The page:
>The New Yorker: "Good People" by David Foster Wallace

>Lane and Sheri have met at Peoria Junior College, in campus ministries. He studies business and she studies nursing and mostly what they do is pray together. But it becomes clear that that certainly is not all they have done because they are wrestling with a problem, and a decision that they have made that Sheri has now decided she can’t go through with. In Wallace’s typically convoluted style, which is perfect for the rationalizing young Lane, we are privy to the thought process—what is expected of him, what does she really want in her heart, does he love her, does he only think he doesn’t love her, doesn’t he really have some kind of love for her and won’t that be enough? It isn’t clear what to make of this story, but I have to assume that Wallace isn’t taking a position as to whether the action the couple is contemplating is wrong, or their reason for changing their minds. Rather, what is interesting here, is Lane’s twisted thinking. I need to read more of Wallace.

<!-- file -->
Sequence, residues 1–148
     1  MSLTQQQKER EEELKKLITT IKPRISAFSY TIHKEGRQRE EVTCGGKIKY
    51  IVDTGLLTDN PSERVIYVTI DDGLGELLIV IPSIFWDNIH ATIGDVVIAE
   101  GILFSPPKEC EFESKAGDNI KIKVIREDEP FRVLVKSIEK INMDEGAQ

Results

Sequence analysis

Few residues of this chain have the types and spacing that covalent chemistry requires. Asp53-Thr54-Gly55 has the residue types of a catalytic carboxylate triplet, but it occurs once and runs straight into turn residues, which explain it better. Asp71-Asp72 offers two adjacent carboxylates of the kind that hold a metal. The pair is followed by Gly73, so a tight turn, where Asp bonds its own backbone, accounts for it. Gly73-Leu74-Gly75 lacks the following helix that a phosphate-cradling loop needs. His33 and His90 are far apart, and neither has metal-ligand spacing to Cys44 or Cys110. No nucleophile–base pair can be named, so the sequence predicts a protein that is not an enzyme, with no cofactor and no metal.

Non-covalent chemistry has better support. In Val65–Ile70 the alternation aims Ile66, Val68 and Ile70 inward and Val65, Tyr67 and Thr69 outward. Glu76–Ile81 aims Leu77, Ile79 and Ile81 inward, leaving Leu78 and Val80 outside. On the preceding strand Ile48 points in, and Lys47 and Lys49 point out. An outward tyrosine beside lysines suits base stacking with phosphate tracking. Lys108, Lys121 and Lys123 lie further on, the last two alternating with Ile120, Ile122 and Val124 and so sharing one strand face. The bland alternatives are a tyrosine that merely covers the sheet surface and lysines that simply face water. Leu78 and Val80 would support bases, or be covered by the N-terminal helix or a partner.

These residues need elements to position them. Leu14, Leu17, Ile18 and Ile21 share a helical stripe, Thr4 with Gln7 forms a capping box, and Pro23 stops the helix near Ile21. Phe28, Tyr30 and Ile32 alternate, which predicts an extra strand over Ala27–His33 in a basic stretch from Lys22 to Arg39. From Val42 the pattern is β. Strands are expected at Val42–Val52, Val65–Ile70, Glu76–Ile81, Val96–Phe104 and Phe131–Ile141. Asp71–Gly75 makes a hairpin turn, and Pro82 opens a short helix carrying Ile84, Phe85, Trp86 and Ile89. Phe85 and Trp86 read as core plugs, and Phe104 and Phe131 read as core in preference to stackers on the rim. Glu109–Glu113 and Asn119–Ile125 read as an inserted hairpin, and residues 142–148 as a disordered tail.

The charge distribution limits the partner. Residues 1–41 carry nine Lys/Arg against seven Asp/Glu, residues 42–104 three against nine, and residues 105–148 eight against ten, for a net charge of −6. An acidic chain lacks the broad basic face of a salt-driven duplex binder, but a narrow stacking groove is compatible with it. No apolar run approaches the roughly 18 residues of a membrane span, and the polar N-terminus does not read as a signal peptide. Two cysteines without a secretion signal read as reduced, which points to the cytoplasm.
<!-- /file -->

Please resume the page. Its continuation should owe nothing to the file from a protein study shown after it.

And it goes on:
February 5, 2007: “Good People” by David Foster Wallace

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